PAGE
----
Words mean more than what is set down on paper. It takes the human voice to infuse them with shades of deeper meaning (Maya Angelou)
One great use of words is to hide our thoughts (Voltaire)
Language, words is apparently what sets us apart from other animals.
It is quite amazing how quickly babies learn to use words, babbling about with sounds, and their parents reinforcing their sounds when they hear a ‘word’. Sometimes the meaning of the child’s words is obscure for a while and has to be worked out in context.
Before Ariel could even talk she was very vocal about what she wanted to wear. I had to go through all her little dresses in the morning, and she go “uh-uhh!” until I got to the one she wanted to wear. Then she said one day that she wanted “yo yosh”. I said I didn’t have any yo-yos. “yes yo yosh!!” she retorted angrily. She went to the cupboard and pulled out a pair of socks: “yes yo yosh!” She wore these with her “woosh”.
Kyle and Roarke watched vidjoes, ate bilomey and cheekin, and wore bejamas. They each went to hostible a few times to see the fizzy-lady when their chests closed up. They loved their amials, Nina and Stannie. I was climbing up the stairs form the garage into the house one day with little Kyle and Roarke in tow. Nina was waiting to greet us at the top of the stairs. One of the twins said, “Mommy, when Nina dies will we eat her cheekin?”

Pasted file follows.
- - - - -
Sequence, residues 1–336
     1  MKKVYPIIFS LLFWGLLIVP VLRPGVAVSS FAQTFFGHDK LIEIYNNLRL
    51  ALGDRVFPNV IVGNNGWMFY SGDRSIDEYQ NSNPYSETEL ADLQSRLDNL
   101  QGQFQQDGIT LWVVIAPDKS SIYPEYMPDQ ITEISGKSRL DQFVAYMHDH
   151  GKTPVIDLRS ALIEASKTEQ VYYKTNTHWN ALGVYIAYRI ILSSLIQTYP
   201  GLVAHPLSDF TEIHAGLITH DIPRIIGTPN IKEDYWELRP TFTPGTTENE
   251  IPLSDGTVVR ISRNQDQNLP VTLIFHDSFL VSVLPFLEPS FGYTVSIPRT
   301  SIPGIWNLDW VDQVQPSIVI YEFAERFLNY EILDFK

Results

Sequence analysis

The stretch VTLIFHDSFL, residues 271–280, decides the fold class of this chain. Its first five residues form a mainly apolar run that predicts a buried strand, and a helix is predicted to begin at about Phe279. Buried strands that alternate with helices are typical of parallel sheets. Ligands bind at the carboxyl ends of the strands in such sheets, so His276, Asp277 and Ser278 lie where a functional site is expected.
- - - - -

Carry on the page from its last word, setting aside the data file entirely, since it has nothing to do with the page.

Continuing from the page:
It’s not what you; it’s how you say it that’s important. And how you interpret what your mom has told you do or not to do. It was bath-time fro Kyle and Roarke. We were running the water when the phone rang. I said to the twins: “I don’t want you to get into the bath until I come back. Don’t put even a finger into the water.” They nodded. While I was on the phone it was quiet, I could hear the boys moving about, so I knew they were not getting into hot water… When I had finished the phone call and went back to bath-time, I was met with a bath full of books, plastic chair, duvet, pillow, toys, shoes. My instructions had been followed: they had not climbed into the water nor put even a finger into it.
Sometimes I wish I could push “rewind” after uttering words, that I hear coming from my mouth. My way-with-words, as Ariél calls them, has made me embarrass myself often. Sandra used to swim every morning with her son, when the children and I had swimming lessons before school. I asked her one day how old her son was, thinking he looked about my boys’ age, and she being roughly my age. There was a pause. Then she looked up and answered that he was not her son, he was her boyfriend. Way-with-words: rewind!
Words… one day I will write the story that is not yet inside me… In the meantime I will be silent and paint my words: “One picture is worth ten thousand words” (Chinese proverb).